Maine Senate Majority Leader Garrett Mason will announce a run for governor Wednesday, which will make the young conservative with deep ties to the state’s evangelical right the second Republican vying to replace Gov. Paul LePage.
Mason, 32, of Lisbon Falls announced late Monday that he’ll declare his run at an event at Lewiston’s Ironhorse Court Wednesday evening. He has publicly considered a run since late last year and in January, there were references to a run inserted as metadata on his website.
The four-term state senator joins former Maine Health and Human Services Commissioner Mary Mayhew of South China in the Republican field running for the Blaine House so far. U.S. Sen. Susan Collins is also considering a bid and may be able to scatter Republicans and Democrats.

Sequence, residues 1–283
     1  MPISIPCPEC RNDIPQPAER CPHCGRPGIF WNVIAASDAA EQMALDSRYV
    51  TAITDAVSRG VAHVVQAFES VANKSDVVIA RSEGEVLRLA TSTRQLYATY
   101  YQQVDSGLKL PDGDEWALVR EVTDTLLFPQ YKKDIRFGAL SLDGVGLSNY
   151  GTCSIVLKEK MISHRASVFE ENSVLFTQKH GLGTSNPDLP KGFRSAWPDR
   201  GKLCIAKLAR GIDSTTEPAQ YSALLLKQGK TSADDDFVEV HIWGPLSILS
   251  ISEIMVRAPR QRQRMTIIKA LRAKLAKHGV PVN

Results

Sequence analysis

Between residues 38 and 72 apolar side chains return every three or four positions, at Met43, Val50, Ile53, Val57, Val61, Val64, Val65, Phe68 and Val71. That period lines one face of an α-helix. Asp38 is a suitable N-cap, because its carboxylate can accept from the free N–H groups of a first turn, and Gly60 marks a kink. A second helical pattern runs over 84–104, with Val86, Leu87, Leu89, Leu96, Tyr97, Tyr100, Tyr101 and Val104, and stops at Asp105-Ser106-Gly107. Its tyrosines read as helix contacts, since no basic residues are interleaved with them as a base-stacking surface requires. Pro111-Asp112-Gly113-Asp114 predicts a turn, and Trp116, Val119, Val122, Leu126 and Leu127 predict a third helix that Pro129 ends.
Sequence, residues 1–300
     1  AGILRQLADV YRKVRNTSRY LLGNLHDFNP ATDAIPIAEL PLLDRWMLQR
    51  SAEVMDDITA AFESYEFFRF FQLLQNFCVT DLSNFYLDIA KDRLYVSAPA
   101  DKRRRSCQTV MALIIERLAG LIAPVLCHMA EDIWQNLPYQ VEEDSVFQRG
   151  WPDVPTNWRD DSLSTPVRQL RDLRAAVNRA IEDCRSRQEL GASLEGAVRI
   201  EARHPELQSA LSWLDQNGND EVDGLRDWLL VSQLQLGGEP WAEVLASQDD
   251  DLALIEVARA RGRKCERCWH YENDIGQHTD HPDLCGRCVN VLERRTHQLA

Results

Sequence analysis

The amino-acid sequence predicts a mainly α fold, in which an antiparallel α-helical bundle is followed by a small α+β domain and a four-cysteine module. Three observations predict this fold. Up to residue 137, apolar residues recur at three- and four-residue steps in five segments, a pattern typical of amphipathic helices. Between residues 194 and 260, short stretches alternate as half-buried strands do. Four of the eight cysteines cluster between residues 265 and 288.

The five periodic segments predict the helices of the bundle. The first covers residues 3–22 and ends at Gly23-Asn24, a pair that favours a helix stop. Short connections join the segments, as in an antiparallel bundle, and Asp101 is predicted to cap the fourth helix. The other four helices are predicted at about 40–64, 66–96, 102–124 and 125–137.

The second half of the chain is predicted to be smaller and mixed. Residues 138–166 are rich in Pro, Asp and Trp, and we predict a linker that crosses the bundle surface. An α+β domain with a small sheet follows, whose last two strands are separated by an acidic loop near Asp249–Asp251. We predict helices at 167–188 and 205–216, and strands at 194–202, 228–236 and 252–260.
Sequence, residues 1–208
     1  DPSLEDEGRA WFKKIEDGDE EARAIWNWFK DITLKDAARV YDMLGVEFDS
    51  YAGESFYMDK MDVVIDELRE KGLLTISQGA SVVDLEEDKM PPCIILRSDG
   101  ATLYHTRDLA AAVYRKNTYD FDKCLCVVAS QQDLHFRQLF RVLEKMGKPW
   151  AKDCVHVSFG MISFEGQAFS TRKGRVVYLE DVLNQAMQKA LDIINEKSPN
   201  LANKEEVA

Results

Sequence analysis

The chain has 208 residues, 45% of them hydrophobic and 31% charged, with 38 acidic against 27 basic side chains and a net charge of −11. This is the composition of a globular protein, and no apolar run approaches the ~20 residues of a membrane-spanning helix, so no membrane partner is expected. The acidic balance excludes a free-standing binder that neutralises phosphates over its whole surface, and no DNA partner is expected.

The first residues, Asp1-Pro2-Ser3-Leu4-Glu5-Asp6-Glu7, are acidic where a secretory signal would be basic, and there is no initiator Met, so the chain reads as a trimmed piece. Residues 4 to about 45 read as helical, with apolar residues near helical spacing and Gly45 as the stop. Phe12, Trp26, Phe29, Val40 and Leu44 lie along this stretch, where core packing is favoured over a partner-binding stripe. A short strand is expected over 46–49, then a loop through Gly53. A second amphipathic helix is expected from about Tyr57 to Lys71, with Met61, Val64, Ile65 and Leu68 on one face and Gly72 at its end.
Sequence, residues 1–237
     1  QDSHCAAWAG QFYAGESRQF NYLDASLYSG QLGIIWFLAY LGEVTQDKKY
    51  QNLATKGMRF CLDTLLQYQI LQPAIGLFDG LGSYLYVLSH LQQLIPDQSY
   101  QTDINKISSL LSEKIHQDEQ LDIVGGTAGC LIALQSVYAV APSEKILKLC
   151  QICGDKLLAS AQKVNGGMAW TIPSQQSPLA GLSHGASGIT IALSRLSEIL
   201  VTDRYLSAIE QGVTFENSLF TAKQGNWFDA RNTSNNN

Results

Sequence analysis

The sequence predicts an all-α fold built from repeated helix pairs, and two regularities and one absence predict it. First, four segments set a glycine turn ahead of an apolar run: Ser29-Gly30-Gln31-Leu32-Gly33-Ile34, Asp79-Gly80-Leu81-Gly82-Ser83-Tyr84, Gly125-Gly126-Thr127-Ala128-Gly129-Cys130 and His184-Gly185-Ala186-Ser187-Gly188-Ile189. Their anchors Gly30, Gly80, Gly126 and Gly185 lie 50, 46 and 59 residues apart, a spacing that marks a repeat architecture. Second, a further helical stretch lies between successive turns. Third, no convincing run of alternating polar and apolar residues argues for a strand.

Mason was a lead engineer of Texas Sen. Ted Cruz’s Maine presidential caucus victory in 2016, but he later helped eventual Republican nominee Donald Trump organize a rally in Lisbon days before the election in which he beat Democrat Hillary Clinton.
It was Maine’s evangelical right that lifted Cruz to the caucus victory. That’s where Mason is popular, getting a lifetime 93 percent score from the American Conservative Union as of 2016.
Because turnout is generally low in Maine primaries, that conservative base has an outsized impact on Republican politics in Maine, helping LePage to his surprise primary victory in 2010 and Bruce Poliquin to his primary win in the 2nd Congressional District in 2014.